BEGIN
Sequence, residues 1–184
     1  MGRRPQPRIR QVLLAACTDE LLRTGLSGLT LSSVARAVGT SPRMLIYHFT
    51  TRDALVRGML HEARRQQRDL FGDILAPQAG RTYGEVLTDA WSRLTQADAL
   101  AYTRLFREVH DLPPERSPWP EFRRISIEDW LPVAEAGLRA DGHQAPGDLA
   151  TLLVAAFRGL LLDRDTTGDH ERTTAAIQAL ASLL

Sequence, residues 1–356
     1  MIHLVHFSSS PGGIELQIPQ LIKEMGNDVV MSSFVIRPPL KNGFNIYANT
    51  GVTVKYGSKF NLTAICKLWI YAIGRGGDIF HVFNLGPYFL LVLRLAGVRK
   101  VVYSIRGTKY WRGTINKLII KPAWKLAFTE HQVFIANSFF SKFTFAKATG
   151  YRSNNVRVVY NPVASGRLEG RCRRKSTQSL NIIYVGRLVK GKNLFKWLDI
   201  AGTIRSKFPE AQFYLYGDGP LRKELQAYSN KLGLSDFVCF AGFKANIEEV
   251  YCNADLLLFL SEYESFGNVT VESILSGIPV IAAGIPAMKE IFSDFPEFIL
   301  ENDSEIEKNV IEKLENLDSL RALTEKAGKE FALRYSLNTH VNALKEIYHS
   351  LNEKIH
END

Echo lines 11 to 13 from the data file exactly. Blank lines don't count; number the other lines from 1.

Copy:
   201  AGTIRSKFPE AQFYLYGDGP LRKELQAYSN KLGLSDFVCF AGFKANIEEV
   251  YCNADLLLFL SEYESFGNVT VESILSGIPV IAAGIPAMKE IFSDFPEFIL
   301  ENDSEIEKNV IEKLENLDSL RALTEKAGKE FALRYSLNTH VNALKEIYHS